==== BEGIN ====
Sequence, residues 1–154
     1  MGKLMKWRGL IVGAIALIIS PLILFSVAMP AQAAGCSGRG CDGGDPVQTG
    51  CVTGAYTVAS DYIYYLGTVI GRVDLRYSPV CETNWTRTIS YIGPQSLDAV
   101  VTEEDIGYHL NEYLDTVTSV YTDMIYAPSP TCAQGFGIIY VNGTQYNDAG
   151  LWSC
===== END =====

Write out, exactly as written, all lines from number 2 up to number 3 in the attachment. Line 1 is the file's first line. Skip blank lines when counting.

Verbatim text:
     1  MGKLMKWRGL IVGAIALIIS PLILFSVAMP AQAAGCSGRG CDGGDPVQTG
    51  CVTGAYTVAS DYIYYLGTVI GRVDLRYSPV CETNWTRTIS YIGPQSLDAV